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Corporal Danny Groves

17 min read
Corporal Danny Groves, Royal Irish Regiment, Afghanistan, 2006

Corporal Danny Groves, The Royal Irish Regiment, Afghanistan, 2006

Joining up

In February 2000, Danny Groves was working as a landscape gardener in Birmingham. After a bad day at work, he took the life-changing decision to join the Army.

This wasn’t entirely out of the blue as he had long held an interest in the military. His mother had told him about an uncle who had died serving with the Parachute Regiment. And he was conscious of his grandfather's hope that one of his family would serve.

But this momentous career choice also reflected his own personal desire to, in his own words, ‘make a difference’.

Early deployments

Groves joined 1st Battalion, the Royal Irish Regiment, and trained as a mortar specialist. His first deployment was a six-month tour in Northern Ireland in 2001.

Two years later, he took part in the invasion of Iraq. Under the command of Lieutenant Colonel Tim Collins, 1st Royal Irish was involved in the opening phase of the ground attack in March 2003.

After that, Groves served in a specialist reconnaissance team, the Close Observation Platoon, followed by a further tour in Iraq, this time posted to Basra and Baghdad.

Lieutenant Colonel Tim Collins, 1st Battalion The Royal Irish Regiment, talking to his soldiers prior to the invasion of Iraq, 2003

‘But if you are ferocious in battle, remember to be magnanimous in victory.’

Lieutenant Colonel Tim Collins - 2003


In 2006, Groves was deployed to Helmand Province, Afghanistan. The British had been fighting in Afghanistan as part of a multi-national coalition since 2001, following the devastating '9/11' attacks on the United States mounted by the terrorist organisation Al Qaeda.

The coalition’s primary objective was to destroy Al Qaeda, who were using Afghanistan as a base. However, they also sought to overthrow the Taleban - a brutal Islamic fundamentalist regime which ruled Afghanistan - and to rebuild the country, which had been shattered by decades of war.

Helmand became the focal point of British operations in Afghanistan in 2006. Here, British forces saw some of the fiercest fighting of modern times. The province became notorious as one of the most dangerous and difficult theatres of war and was nicknamed ‘Hell-land’ by the troops.

‘The Helmand, or Hell-land as commonly referred to, was renowned for being one of the most dangerous territories in world. Ruled by drug lords, gangsters and smugglers, it stank of corruption and harboured the remnants of the notorious hardcore Islamic fundamentalists “The Taliban”.’

Danny Groves, from his journal, ‘The Story of Easy Company: Band of Musa Muckers’ - 2006

Operation Snakebite

Groves’s mortar section and two platoons from 1st Royal Irish were deployed to Helmand as part of 16 Air Assault Brigade, the Army’s rapid reaction force.

Arriving at the end of July, they were called into action seven days later to help relieve the remote outpost of Musa Qala, where a mixed force of British and Danish troops had been under siege for several weeks.

Their first objective was to break through to the garrison. This was no easy task. A previous effort, Operation Nakhod, had failed with significant loss of life.

Groves and his mortar team helped to secure a landing zone on the outskirts of Musa Qala for the main body of the relief force. They then unleashed their fire on the area surrounding the town that was known to be occupied by the Taleban.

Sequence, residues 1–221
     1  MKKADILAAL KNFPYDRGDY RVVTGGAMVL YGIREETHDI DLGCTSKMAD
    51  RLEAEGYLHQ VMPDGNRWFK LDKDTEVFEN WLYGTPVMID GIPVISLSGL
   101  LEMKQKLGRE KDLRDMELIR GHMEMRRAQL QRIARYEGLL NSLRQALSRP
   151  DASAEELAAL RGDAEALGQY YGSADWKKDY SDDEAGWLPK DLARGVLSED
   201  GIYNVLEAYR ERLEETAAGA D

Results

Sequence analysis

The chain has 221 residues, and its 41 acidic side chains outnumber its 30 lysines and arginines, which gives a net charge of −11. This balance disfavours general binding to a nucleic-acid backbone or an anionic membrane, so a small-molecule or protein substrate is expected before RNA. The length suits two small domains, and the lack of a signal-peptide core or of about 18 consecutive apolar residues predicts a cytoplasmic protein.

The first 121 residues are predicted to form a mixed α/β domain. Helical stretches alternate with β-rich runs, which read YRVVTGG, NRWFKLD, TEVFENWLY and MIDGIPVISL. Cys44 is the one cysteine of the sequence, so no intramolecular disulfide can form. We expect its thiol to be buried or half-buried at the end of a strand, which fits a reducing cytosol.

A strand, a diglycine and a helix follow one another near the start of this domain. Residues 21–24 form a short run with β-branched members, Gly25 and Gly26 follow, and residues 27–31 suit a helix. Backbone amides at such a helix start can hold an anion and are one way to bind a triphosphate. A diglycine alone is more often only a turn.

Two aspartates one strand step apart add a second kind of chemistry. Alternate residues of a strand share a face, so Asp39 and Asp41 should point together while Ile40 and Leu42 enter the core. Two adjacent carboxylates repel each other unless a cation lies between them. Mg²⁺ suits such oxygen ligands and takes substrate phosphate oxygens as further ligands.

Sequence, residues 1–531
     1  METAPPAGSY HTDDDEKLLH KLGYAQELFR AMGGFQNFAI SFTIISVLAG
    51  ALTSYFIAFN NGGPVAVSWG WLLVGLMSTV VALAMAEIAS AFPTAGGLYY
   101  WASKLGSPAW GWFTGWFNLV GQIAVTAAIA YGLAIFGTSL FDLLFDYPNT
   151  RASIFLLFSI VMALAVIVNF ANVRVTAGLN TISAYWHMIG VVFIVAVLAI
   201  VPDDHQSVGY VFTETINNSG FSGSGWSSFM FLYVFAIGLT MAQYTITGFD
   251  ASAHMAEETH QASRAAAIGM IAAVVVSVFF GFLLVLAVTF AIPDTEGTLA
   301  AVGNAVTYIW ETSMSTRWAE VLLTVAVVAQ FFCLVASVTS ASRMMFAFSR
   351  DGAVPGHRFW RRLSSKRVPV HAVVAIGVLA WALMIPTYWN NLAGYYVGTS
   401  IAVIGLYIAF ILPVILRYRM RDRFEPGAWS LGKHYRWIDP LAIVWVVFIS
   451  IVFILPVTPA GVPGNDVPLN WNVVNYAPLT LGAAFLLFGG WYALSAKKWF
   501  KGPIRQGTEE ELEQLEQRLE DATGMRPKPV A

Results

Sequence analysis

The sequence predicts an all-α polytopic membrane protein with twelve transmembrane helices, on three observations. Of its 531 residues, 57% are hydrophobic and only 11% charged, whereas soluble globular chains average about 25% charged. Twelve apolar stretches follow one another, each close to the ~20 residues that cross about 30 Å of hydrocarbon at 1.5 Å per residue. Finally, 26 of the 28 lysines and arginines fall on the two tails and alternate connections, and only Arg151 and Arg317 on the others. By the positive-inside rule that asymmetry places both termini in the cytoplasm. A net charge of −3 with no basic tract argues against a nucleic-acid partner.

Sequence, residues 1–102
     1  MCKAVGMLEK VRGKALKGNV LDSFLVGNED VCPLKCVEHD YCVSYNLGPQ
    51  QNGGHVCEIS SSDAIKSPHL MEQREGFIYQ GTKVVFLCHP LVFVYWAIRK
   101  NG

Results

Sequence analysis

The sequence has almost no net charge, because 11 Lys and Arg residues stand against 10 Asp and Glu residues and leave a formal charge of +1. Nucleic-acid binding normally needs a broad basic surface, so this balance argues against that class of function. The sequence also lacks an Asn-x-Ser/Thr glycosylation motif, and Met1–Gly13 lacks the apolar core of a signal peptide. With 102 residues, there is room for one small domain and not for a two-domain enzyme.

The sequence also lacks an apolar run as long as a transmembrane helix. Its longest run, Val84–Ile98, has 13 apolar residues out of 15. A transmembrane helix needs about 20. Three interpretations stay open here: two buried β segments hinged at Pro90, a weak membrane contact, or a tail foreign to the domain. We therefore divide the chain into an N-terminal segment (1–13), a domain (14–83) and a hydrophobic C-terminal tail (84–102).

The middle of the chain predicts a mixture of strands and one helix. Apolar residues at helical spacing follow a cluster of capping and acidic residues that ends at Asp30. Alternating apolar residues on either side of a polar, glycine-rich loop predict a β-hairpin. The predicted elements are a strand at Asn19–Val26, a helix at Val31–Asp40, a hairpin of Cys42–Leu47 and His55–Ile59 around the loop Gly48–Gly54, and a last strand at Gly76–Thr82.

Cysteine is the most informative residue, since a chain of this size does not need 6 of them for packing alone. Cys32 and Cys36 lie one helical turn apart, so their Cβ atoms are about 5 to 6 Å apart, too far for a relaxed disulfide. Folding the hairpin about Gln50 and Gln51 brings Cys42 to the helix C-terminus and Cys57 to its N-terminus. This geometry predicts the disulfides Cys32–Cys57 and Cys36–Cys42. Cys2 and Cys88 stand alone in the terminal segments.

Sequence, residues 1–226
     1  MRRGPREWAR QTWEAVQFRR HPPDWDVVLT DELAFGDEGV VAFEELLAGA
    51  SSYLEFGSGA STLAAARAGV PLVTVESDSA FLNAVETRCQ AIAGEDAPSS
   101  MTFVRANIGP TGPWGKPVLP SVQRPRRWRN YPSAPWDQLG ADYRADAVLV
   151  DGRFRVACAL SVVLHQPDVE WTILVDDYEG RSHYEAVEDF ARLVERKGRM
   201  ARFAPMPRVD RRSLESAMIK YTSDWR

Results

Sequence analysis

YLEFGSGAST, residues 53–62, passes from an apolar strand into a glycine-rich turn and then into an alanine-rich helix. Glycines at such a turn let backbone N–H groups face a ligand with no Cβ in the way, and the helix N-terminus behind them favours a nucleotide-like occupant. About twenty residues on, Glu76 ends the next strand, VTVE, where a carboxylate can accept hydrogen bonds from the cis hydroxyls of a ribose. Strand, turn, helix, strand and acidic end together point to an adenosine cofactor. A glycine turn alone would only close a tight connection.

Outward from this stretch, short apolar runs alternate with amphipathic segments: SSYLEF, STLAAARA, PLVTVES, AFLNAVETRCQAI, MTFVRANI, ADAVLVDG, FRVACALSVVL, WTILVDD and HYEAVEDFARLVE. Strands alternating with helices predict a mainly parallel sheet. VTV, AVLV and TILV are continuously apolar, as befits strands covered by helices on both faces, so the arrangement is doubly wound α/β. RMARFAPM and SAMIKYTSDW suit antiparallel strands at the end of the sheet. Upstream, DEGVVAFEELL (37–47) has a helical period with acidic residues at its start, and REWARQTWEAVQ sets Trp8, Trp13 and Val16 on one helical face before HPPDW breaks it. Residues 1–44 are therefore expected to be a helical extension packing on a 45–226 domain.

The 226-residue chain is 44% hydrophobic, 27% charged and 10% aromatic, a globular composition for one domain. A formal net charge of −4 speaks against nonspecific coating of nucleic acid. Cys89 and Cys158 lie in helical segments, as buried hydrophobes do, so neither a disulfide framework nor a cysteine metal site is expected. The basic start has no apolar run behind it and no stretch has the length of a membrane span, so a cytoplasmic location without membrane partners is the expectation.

Combined with heavy air support, this enabled the relieving force to break through to the compound without loss. However, one soldier - Private Andrew Cutts - was killed later on when the force withdrew.

British soldiers from B Company, 3 Para, take up fire-positions near Musa Qala, 6 August 2006

Soldiers from 3 Para, take up positions near Musa Qala, 6 August 2006

British soldiers from 3 Para board an RAF CH47 Chinook, Musa Qala, 6 August 2006

Soldiers from 3 Para board a CH47 Chinook, Musa Qala, 6 August 2006

Musa Qala

The Musa Qala compound comprised a series of cement-and-mud buildings surrounded by a 10-foot wall. The coalition force had been deployed there as part of a ‘Platoon House’ strategy, by which they hoped to assert their control over the province by occupying a series of fortified positions in key areas. This approach has since been criticised on the basis that it left forces over-stretched, isolated and vulnerable.

The precarious nature of the situation in Musa Qala was certainly appreciated by the men garrisoning the compound. Its tallest building acquired the nickname ‘The Alamo’, a reference to the doomed fortress in San Antonio that was stormed by the Mexicans during the Texas Revolution of 1836.

Aerial view of Musa Qala, 2006

Aerial view of Musa Qala, 2006

Strengths and weaknesses

Defensively, the outpost was at a serious disadvantage. Located in the centre of town, it was surrounded by a maze of buildings and alleyways, which provided cover for the enemy and enabled them to infiltrate right up to the compound walls.

Additionally, the Taleban’s strength in the area meant that helicopters were vulnerable to attack and unable to land nearby. This made re-supply and casualty evacuation much more difficult.

However, the defenders were still able to call upon formidable air support when required and to intercept Taleban communications, thereby gaining an insight into their activities.

A further complication was the civilian population. Musa Qala was a town of about 20,000 people. Many had fled as the fighting intensified, but the risk of civilian casualties remained a serious problem.


The men of the Royal Irish now began what would amount to a 10-week stay in Musa Qala, which Groves documented in a daily journal.

On arrival, they immediately deployed their two formidable 81mm mortars. These versatile mobile support weapons have been in service with the British Army since 1965. Capable of firing high-explosive, smoke and illuminating rounds out to a maximum range of 5,650 metres, they were a valuable addition to the garrison's firepower.